Today I share an article I read here on the star.com:
Hard time to be an environmentalist: Goar
A new survey on charities shows decline in public trust for environmental organizations.
David Suzuki, Canada’s most prominent environmentalist, resigned from the board of the charity he founded, fearing he had become a lightning rod for government censure.By: Carol Goar Canada, Politics Government, Published on Thu Nov 07 2013
Frustrated by his failure to make Canada a global energy superpower, Prime Minister Stephen Harper turned on the environmental movement with a ferocity never before seen in Canada.
He and his ministers blamed charities that opposed their mass sell-off of unprocessed bitumen for jeopardizing Canada’s economic health. They accused them of laundering foreign money. They warned that eco-terrorists were afoot in the land.
The government’s smear tactics did not get Alberta’s heavy oil moving to export markets. But they did damage the credibility of charities working to protect the environment.
The first piece of evidence is now in. A report released by the Muttart Foundation this week showed a distinct drop in public trust for environment organizations. Five years ago, 72 per cent of Canadians expressed confidence in charities focused on the environment. Today the number is 67 per cent.
It is still a much higher level of public trust than the federal government (45 per cent), the media (53 per cent) or big business (41 per cent) enjoy. But it is below the average for the charitable sector (79 per cent) and well below the levels for hospitals (86 per cent), children’s charities (82 per cent) and organizations focused on health (80 per cent).
The Edmonton-based Muttart Foundation, which steers clear of politics and partisanship, did not draw a link between Harper’s attack on the environmental movement and its slippage in public confidence. Its executive director Bob Wyatt merely pointed to the decline as a “warning sign.”
He is right to be cautious. Any number of factors could be responsible for the fall-off: weariness over the long fight to get policy-makers to act; doubts about the effectiveness of protests, rallies and blockades; donor fatigue; economic stress; or the conservative tenor of the times.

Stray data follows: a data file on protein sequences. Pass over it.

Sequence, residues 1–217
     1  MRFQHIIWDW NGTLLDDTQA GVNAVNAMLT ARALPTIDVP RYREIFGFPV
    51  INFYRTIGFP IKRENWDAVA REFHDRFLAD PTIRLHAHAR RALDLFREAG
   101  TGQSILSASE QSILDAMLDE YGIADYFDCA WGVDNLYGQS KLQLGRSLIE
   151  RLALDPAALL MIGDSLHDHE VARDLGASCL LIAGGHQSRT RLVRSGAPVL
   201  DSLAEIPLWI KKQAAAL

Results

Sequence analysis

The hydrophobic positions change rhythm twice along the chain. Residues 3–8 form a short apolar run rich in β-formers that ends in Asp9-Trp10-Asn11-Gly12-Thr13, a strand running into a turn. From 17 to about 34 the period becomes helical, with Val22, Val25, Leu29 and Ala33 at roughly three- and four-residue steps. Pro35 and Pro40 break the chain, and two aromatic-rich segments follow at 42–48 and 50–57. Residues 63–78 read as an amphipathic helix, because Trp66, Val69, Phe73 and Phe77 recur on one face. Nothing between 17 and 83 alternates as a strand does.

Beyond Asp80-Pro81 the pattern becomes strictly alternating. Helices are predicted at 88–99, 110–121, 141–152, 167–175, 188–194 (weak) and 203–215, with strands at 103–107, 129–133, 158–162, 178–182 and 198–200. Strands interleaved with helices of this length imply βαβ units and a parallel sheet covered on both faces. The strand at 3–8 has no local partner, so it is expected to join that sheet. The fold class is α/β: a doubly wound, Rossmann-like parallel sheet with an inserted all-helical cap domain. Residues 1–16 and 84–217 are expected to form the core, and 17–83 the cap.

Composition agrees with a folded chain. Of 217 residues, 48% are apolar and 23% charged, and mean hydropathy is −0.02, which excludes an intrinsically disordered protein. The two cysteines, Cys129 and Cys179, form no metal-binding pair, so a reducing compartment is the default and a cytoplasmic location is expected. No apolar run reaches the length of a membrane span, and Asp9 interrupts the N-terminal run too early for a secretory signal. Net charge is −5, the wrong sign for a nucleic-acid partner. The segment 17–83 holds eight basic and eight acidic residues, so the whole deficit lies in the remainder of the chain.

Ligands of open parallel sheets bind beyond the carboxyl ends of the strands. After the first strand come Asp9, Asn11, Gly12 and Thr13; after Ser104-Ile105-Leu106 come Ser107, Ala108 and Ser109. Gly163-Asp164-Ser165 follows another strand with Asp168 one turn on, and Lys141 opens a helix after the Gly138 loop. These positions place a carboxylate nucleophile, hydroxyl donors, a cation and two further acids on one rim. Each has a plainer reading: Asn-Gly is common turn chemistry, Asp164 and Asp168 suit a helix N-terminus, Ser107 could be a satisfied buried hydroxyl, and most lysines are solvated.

Environmental groups themselves could be responsible. In their passion to preserve forests, lakes, wildlife and the ecological balance, they may not have paid enough attention to communicating with Canadians. In their desire to stand together, they may have given legitimacy to zealots such as Paul Watson of the Sea Shepherd Conversation Society.
But none of these factors is enough to account for a five percentage point drop in public trust.
The government has not followed through on its threat to strip environmental groups of their charitable status, although Revenue Canada is doing intensive audits of a few foundations. (One organization,Physicians for Global Survival, did lose its charitable status for excessive political activity last May, but that investigation began under the Liberals.)
What Harper and his colleagues have accomplished, however, is to send a chill through the environmental movement. David Suzuki, Canada’s most prominent environmentalist, resigned from the board of the charity he founded, fearing he had become a lightning rod for government censure. Ross McMillan, president of the Tides Canada, one of the charities targeted by the Harper government, released a detailed accounting of its donors and environmental projects to combat charges of money laundering. Hilary Pearson, president of the umbrella group for Canada’s charitable foundations, urged the government to cool its rhetoric, pointing out that the law allows charities to speak out on public issues, provided their activities are non-partisan and don’t represent more than 10 per cent of their spending.
The real — hard to quantify — harm lies in the philanthropists who have quietly stopped funding environmental causes, the charities that have quietly cancelled projects that might be controversial and the volunteers who have quietly fallen away.
Harper’s techniques have been insidiously effective in the past. He has reduced his political adversaries to objects of ridicule (Stéphane Dion) or contempt (Michael Ignatieff). He has portrayed his critics as everything from airheads to enemies of the state. He has silenced federal scientists and starved public laboratories. He has punished conscientious bureaucrats and vilified former allies. And he has walled his government off from public scrutiny.
He hasn’t won his latest battle. Environmentalists are a hardy lot.
But he has made it riskier to speak out, get involved in public affairs and pass on a clean green Canada to future generations.
Carol Goar’s column appears Monday, Wednesday and Friday.